And therein lies the difficult thing about religion: it can give incredible levels of certainty to different people even though those certainties are diametrically opposed to each other. And what’s more, the same certainties can produce diametrically opposed results. My girlfriend, for example, is absolutely certain that the Book of Mormon is true and the result is a life of love. That same certainty in another person can produce a harsh and judgmental attitude that is at best abrasive.
So how do we proceed in an area of life that is so important, where there is so much certainty, and yet so little agreement? To put it personally, how do I respond to people who are certain that such and such is true even when I am just as sure it’s not?
The bottom line for me (for now anyway) is that I have to hold to my convictions while honoring the right of others to hold theirs. That means not only their beliefs but the means by which they come by those beliefs. For some, a revelatory experience is supreme; for others the dictates of logic; and for still others some sort of historical/scientific/archeological evidence. It is the combination and interaction of meaningful criteria and religious background that determine what makes sense to each person.
To illustrate, “I’ve read the Book of Mormon and God has told me it is true,” is very compelling for some people while for others (myself included) something a little less subjective is needed. This isn’t just a matter of religious belief; it’s also a matter of epistemology, of how someone knows something to be true. It was when this fact dawned on me that I stopped arguing theology with people and began to listen and discuss instead. The result has been most helpful and I am so pleased to discover other people, from other religious traditions, who are also willing to approach religious differences from a desire to understand rather than convert. (I am, BTW, not opposed to missionary activity. I just think it should take the form of invitation and development of thought and faith rather than, “I’ve got to convince you of this stuff.”)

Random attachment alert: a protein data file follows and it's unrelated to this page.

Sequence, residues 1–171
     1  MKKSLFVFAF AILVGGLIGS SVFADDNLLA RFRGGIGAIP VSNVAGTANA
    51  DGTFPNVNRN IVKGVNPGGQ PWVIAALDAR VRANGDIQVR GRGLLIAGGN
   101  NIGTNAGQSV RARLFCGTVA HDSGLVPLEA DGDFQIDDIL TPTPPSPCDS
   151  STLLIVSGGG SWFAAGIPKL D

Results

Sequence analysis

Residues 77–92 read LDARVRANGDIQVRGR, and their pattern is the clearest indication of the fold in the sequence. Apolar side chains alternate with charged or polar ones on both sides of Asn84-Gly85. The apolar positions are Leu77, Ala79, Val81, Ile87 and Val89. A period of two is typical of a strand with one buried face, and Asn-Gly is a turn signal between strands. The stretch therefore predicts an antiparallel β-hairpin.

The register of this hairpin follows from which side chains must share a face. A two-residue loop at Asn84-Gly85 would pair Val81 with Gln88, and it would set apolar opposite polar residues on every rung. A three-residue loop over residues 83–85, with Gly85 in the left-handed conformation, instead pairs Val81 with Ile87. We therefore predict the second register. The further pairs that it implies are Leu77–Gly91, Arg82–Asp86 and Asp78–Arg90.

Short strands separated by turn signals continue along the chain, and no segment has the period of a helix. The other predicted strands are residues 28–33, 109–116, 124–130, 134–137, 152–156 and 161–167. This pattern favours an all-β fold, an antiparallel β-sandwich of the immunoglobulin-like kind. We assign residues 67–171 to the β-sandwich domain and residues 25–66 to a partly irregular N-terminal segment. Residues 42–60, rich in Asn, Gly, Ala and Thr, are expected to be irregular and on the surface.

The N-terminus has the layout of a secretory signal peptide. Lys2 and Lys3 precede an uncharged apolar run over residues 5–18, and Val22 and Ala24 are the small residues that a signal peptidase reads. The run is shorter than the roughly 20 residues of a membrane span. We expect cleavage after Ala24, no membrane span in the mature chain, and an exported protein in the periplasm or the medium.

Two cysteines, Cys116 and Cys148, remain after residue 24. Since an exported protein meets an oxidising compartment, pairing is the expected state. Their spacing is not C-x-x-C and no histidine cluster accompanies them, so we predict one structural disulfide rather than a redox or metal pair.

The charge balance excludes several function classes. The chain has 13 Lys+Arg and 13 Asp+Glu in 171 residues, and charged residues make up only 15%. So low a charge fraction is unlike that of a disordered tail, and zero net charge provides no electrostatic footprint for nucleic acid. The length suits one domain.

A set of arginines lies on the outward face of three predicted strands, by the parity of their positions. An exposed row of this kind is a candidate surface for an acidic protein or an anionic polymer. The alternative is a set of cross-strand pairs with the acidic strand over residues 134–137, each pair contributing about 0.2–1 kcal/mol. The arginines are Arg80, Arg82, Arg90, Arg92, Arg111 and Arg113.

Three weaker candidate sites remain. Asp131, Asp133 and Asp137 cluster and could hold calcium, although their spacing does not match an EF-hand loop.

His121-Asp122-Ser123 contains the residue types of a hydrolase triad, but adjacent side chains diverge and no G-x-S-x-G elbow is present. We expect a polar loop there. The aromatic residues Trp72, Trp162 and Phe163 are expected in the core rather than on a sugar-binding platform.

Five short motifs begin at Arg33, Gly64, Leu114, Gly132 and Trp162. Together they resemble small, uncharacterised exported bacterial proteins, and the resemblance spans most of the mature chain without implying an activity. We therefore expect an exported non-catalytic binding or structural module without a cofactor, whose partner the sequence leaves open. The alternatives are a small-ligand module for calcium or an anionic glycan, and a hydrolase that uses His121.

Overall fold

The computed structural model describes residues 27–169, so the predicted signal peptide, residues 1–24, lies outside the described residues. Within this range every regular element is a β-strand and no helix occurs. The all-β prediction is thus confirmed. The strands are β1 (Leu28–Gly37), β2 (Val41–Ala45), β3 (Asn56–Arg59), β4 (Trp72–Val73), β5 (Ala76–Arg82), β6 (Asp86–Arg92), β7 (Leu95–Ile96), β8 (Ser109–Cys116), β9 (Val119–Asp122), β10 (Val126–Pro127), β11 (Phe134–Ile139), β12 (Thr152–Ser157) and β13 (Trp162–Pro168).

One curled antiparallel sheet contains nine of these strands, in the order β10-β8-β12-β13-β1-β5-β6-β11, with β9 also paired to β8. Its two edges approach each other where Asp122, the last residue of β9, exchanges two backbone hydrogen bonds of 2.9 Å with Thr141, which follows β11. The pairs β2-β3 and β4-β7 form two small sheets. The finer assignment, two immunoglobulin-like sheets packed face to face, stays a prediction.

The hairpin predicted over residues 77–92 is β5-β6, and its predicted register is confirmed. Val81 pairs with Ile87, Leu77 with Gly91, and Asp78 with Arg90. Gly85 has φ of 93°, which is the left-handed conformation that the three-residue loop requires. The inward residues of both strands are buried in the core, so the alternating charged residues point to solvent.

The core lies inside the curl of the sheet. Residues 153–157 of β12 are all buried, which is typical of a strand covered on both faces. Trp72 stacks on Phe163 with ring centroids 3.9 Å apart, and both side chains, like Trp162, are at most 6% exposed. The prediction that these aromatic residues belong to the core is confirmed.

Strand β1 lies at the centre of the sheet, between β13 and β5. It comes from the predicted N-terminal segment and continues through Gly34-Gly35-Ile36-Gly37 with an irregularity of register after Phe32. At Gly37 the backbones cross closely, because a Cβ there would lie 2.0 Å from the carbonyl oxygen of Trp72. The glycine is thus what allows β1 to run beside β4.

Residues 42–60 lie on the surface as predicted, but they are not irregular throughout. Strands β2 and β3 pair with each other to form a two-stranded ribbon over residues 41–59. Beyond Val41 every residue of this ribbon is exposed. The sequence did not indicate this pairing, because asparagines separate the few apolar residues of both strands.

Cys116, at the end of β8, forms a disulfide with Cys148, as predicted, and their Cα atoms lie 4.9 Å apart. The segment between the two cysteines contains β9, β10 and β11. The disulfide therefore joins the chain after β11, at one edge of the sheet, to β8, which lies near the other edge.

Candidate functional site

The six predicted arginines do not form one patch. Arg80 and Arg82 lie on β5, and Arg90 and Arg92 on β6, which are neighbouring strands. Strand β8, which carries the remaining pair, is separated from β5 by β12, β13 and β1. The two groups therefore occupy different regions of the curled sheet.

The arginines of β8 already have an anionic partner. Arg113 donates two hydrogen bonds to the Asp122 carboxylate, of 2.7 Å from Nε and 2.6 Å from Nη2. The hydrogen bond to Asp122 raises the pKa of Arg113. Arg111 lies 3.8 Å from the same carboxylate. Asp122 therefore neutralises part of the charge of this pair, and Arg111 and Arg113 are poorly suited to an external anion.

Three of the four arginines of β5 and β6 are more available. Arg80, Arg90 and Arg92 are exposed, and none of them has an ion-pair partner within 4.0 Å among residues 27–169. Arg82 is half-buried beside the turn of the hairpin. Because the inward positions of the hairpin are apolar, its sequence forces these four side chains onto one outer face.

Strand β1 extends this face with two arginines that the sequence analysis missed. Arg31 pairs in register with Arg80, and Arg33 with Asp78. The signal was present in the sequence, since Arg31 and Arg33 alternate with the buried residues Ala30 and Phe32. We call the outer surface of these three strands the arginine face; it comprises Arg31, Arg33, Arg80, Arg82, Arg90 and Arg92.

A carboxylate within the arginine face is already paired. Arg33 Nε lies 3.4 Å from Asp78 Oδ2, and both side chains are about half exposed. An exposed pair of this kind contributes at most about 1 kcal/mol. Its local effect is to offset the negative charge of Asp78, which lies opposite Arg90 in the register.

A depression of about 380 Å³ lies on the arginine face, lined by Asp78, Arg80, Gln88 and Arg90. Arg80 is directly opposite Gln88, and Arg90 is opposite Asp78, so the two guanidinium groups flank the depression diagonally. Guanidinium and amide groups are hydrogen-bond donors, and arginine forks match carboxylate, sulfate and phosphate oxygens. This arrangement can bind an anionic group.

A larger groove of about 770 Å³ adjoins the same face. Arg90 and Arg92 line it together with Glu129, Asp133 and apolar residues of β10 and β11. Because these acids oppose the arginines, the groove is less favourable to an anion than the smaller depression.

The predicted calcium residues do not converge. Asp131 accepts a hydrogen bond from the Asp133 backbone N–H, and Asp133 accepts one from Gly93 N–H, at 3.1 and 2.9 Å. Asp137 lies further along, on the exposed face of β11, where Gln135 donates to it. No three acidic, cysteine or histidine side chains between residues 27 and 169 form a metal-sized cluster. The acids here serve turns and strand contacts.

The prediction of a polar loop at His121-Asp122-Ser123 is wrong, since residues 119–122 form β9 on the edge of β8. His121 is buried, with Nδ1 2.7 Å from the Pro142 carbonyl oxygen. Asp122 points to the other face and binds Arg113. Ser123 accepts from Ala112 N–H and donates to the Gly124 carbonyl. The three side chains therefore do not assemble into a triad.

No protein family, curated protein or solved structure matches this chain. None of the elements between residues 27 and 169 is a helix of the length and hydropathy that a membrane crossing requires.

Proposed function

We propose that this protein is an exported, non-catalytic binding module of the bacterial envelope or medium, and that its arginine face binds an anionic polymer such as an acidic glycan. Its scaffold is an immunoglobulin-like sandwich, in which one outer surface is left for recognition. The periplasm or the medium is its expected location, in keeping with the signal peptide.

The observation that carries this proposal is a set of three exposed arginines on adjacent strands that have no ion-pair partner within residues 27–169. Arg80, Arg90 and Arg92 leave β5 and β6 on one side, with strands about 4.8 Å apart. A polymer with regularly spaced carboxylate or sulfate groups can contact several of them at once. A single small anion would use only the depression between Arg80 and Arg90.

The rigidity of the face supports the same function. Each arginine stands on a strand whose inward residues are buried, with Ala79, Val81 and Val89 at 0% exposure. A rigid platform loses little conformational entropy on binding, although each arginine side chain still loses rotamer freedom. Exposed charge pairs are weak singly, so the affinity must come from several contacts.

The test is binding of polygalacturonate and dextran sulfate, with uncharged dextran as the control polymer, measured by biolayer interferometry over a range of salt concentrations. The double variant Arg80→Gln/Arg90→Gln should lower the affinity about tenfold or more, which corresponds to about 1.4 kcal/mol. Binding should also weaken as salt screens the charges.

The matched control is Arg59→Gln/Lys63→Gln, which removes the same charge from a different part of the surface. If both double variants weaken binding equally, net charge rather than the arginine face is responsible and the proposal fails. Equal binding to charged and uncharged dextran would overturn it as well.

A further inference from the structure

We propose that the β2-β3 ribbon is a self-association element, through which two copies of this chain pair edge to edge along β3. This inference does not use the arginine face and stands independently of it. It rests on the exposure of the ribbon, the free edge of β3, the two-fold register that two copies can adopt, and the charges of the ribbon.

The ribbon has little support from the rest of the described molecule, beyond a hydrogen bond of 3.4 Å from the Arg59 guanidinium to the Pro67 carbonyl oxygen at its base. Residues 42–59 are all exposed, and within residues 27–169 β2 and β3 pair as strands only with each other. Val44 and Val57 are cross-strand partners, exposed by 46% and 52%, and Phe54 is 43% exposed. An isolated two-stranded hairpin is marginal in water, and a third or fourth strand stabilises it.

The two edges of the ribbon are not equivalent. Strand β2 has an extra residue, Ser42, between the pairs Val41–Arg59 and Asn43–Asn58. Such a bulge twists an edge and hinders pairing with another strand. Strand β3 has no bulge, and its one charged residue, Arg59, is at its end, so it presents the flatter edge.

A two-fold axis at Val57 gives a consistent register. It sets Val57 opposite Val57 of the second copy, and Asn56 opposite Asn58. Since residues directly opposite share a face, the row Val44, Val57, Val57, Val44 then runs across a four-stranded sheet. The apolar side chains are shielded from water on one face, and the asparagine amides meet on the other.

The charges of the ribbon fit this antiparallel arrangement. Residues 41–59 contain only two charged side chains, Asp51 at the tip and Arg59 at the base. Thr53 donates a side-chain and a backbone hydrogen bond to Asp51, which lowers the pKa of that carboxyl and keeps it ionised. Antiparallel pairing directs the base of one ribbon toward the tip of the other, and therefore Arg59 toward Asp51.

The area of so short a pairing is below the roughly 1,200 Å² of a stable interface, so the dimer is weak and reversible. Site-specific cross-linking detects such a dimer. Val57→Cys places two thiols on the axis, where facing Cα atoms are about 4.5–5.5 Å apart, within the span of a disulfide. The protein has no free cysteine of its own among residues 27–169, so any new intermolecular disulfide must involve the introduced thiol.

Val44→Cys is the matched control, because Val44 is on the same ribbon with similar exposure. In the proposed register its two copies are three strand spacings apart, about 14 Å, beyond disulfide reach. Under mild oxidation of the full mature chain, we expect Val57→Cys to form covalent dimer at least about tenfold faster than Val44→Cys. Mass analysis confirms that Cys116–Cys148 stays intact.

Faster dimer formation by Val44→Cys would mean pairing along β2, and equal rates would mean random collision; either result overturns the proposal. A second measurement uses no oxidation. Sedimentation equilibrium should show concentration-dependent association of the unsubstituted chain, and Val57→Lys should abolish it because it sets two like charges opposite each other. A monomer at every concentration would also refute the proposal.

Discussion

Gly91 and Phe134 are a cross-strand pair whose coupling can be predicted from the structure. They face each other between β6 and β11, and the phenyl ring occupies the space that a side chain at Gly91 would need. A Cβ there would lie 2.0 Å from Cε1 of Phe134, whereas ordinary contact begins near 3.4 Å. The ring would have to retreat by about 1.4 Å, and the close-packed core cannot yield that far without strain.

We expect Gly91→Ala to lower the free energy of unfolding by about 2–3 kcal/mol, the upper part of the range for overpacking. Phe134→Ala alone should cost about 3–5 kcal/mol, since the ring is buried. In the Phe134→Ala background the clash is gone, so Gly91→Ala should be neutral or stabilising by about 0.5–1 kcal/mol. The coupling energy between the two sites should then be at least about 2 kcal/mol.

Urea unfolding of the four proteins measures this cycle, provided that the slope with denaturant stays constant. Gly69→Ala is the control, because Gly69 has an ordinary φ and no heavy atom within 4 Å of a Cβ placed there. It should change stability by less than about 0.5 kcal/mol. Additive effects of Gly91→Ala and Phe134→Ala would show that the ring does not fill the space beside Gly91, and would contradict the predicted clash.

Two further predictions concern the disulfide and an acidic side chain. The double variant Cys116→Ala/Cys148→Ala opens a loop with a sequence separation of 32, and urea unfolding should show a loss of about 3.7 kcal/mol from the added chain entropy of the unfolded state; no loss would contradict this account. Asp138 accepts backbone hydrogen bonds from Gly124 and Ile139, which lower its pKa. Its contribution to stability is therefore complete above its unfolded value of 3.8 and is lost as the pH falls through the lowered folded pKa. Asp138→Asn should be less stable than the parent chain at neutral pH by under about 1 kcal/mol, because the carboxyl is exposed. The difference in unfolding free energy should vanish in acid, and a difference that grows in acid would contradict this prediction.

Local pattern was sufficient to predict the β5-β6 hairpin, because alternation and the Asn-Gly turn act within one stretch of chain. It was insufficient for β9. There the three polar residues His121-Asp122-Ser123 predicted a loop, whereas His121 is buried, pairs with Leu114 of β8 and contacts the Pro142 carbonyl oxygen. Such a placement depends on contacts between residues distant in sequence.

I don’t think belief renders logic useless or irrelevant in the religious quest. I also don’t think logic should be the final arbiter of religion. Instead, I think logic should be seen as one tool in the human quest for understanding. Like any tool it has its place and will be used with different results and levels of effectiveness, depending upon who is using it and when and where they’re using it. I also think that encounters with people outside of our faith tradition, if conducted with respect and the desire to learn, can be a tremendous source of enrichment. At the very least these encounters will remind us that good and intelligent people can come to different understandings. At best they can give us deeper insight into how we understand ourselves and God.
I’m headed to bed, but I just want to say how much I love this post. I’ll try to comment further tomorrow (later today).
I stumbled across your blog on LDS BLOGS. I thought you mighe be interested in a site my wife and I just built called MormonsMadeSimple.com, which uses simple, explanatory videos to explain the Mormon faith. Feel free to feature any of these videos on your blog, or just share them with non-member friends. We’re hoping these videos will be missionary tools to help members share their beliefs. Anyway, sorry to spam your comments section. I couldn’t find any contact information for you on your blog.
– Doug & Laurel
DAVID I think after reading your post most all of us would like visit your church. Or at a minimum have this read in Sacrament.
Were lucky to have you as a friend of our faith.
(I am, BTW, not opposed to missionary activity. I just think it should take the form of invitation and development of thought and faith rather than, “I’ve got to convince you of this stuff.”)